Routing Number: A 9-digit number in the bottom left corner that identifies the bank the money is in. Also known as an American Bankers Association (ABA) Number.
Check Number: The check number is printed here again in the bottom right corner, for quick reference for the computers being used to process or clear it.
How To Write a Check: Six Simple Steps
Now that you know the parts of your check, you can write a check properly using the steps below:
- On the date line, write the date you’re writing the check or the date at which it will be backed by funds in your bank account.
- Write the name of the payee on the proper line so that it reads “Pay to the order of [PAYEE].” Make sure that the person or company’s name is spelled correctly. If it is a bill, look for payment information on your receipt. If you’re paying an individual, the name should match the name on their ID.
- Fill the dollar box with the amount you wish to make the check good for.
- Write the amount of the check on the amount line. Remember to take your time, this is the hard part
- Write any additional information on the memo line (ex. “For July rent”). Again, you shouldn’t have to write your account number as it should already be listed.
- Sign your name on the signature at the bottom. Remember, you must sign the check to authorize it for your payee.
Can I Write The Check To Myself?
Any person with a valid ID can cash a valid check that you write—including yourself! Writing a check to yourself can be a quick way to access your money.
Let’s say, for example, you have two bank accounts and need to move money from one account to another to cover bills or other expenses. If your bank doesn’t support same-day transfers, those funds may not appear in their destination account for one to three business days. However, if you cash a check drawn on that first account, you can then immediately deposit that money into your destination account.
So in a situation like this, feel free to write the check to yourself!
Do Checks Cost Money?
Writing paper checks does come at a cost to you. Checkbooks usually hold 100-125 checks and can cost up to 30 cents per check. For example, a book of duplicate checks (checks that leave a carbon copy behind in the checkbook to help keep track of purchases) will cost more than a book of standard checks.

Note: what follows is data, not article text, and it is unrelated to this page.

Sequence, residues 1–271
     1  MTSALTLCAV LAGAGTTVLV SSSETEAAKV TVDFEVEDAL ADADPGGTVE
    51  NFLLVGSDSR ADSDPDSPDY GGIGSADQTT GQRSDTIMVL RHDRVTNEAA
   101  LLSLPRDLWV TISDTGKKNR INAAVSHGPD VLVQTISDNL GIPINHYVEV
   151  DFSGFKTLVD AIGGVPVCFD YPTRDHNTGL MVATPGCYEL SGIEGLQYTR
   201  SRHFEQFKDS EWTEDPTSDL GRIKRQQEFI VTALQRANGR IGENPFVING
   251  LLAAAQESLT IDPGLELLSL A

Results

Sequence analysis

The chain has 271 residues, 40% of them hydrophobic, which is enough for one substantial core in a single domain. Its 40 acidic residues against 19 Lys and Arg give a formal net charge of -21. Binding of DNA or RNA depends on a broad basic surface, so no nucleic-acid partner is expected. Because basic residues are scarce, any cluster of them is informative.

Some banks also provide checks for free for their customers, while other banks charge for checks. Check with your bank to see what your options are, and then shop around for the best rate among other retailers—especially your favorite big box stores.
How Long Is a Check Good For?
It is very easy to misplace or lose a paper check; although important, we’re talking about a relatively small document. But should you be lucky enough to find an uncashed check made out to you, you will usually have up to six months from the issue date to cash it.
Some checks will have their expiration date written or printed on them. Once a check is past its expiration date, banks are no longer legally required to honor it.
What’s a Bounced Check?
A bounced check is a slang term for a check that can’t be cashed with the funds in the account it’s drawn on.
If you write a check to a person or business, and it bounces, your bank may just cover the withdrawal anyway—and put you on the hook for the check amount, plus penalty fees for insufficient funds (also known as “NSF” Fees). Policies vary across financial institutions, so be sure you know the terms set by your bank or credit unions.
Fill Out a Check
So, now that you know how to write a check, and how to fill out a check properly, you can incorporate it into your personal finance toolkit.
Although it takes a little bit more time and effort to learn how to write a check and keep track of them, the practice will put you in a position where you are taking a deeper look at your financial health. Instead of just glancing at your balance on your phone or laptop, proper check management will have you looking at your incoming and outgoing money more carefully.
For the times that you can’t swipe, writing a check is a great alternative.